Vanguel Tangarov has been all over the world with clarinet in hand, but now his journey has brought him to Texas State.
Tangarov, a new assistant professor in the school of music,was born in Plovdiv, Bulgaria, where he originally began lessons as a pianist. After some consideration and prompting by his instructor, Tangarov switched to clarinet.
“I wanted to play piano for a club band, but (there are not many) opportunities for a piano player,” Tangarov said. “My teacher referred me to Dimitar Boyanov, a clarinet teacher. Dimitar saw more in me than I (saw in myself) at the time, and I found that I liked it better. You can play jazz, pop, classical and almost anything.”
Tangarov continued his education in Bulgaria and became principal clarinet, equivalent to first chair, for the Sophia Philharmonic Orchestra. Tangarov traveled all over Europe with the orchestra and enjoyed experiencing different cultures during the tours. However, after several years, he decided he needed a change.
“A conductor from Monterrey heard about me and offered to show me Mexico,” Tangarov said. “I was then offered to teach clarinet at Superior School of Music and Dance. Monterrey is a fantastic place, so I brought my family with me to teach there.”
Tangarov and his family spent a few years there, while his wife taught piano at the school. As conditions changed in Mexico, he followed the advice of a friend and applied for a green card to the United States.
He worked as an instrument repairman in McAllen before moving to Austin. “I didn’t have any job, but I fell in love with the Central Texas area,” Tangarov said. “Soon, I sent (my) résumé to some band directors, and 20 days after moving, there was (a) position open in the Austin Lyric Opera. It was (a) big accomplishment and honor for me.”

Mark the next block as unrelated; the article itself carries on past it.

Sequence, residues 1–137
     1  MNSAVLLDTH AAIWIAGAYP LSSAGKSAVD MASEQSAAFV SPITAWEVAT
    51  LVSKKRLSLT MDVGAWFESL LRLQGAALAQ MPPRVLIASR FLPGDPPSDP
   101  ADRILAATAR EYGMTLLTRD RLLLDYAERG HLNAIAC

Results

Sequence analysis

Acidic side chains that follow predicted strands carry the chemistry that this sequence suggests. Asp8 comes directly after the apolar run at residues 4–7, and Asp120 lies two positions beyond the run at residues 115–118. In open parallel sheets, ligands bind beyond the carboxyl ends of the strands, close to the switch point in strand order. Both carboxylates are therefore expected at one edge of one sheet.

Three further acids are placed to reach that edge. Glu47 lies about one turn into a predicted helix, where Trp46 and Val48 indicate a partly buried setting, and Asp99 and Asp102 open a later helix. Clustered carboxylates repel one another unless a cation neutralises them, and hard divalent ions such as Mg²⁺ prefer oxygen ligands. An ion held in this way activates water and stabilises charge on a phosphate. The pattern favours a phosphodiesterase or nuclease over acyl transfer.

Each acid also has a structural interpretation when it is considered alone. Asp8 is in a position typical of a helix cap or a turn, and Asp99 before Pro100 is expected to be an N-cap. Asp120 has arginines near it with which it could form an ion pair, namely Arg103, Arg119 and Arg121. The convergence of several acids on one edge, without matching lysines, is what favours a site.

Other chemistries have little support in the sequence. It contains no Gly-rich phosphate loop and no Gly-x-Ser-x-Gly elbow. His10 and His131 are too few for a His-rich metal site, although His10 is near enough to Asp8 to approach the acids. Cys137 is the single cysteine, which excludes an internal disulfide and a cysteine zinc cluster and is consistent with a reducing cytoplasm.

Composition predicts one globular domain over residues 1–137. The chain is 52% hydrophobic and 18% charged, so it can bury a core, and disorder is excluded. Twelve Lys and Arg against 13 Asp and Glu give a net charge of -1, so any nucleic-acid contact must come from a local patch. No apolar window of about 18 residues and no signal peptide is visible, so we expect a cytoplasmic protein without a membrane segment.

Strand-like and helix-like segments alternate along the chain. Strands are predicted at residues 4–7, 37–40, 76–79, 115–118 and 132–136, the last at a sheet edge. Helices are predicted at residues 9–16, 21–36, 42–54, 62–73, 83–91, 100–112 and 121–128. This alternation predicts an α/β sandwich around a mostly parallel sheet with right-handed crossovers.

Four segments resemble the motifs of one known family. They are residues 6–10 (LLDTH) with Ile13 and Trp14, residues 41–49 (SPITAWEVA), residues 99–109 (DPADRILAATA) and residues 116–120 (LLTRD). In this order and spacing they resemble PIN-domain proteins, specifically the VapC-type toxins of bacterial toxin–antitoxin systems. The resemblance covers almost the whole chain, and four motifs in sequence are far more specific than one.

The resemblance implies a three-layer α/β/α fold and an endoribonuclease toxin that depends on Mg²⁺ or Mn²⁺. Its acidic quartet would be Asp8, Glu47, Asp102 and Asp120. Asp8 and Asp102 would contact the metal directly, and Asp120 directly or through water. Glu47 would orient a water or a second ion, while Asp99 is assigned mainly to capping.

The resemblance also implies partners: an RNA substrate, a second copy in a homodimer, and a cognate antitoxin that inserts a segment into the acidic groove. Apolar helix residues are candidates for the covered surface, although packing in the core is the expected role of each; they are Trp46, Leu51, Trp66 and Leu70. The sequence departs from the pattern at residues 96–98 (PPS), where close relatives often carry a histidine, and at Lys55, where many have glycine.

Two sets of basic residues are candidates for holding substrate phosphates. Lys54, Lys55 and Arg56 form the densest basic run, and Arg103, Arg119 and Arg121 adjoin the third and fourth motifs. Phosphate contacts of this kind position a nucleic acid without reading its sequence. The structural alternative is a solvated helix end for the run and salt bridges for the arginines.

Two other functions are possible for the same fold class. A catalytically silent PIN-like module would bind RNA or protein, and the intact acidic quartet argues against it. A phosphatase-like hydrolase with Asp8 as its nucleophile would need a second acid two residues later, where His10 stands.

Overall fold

There he met Genaro Gonzalez, principal percussionist for the opera and professor at Texas State.
“I really admired his tone and musicianship, especially the solos he did here and there,” Gonzalez said.
Tangarov went on to teach at various schools and universities, and was principal clarinet for the Mid-Texas Symphony and Victoria Symphony orchestras. Eventually he heard of an open position at Texas State, and got the job.
Along with his regular duties as an assistant professor, Tangarov plans to create two clarinet-only choirs. He said the Texas State Clarinet Choir would be open to all students to explore new repertoires to make a stronger clarinet section. The other choir he is developing will focus on helping younger clarinet players in surrounding schools.
“I am going to start inviting top players from high schools in the area to my Texas State Honors Choir,” Tangarov said. “This area needs something like that. No other college has a choir like this. I am hoping it will motivate them to continue playing and come to Texas State.”
Tangarov isn’t sure where his journey will take him next, but said he’s grateful for all the places he’s been.
“You can not plan what will happen—it all happened because this was my life. When I think of all that happened, I start to appreciate what I have,” Tangarov said. “Now I’m here and so happy to be part of this team.”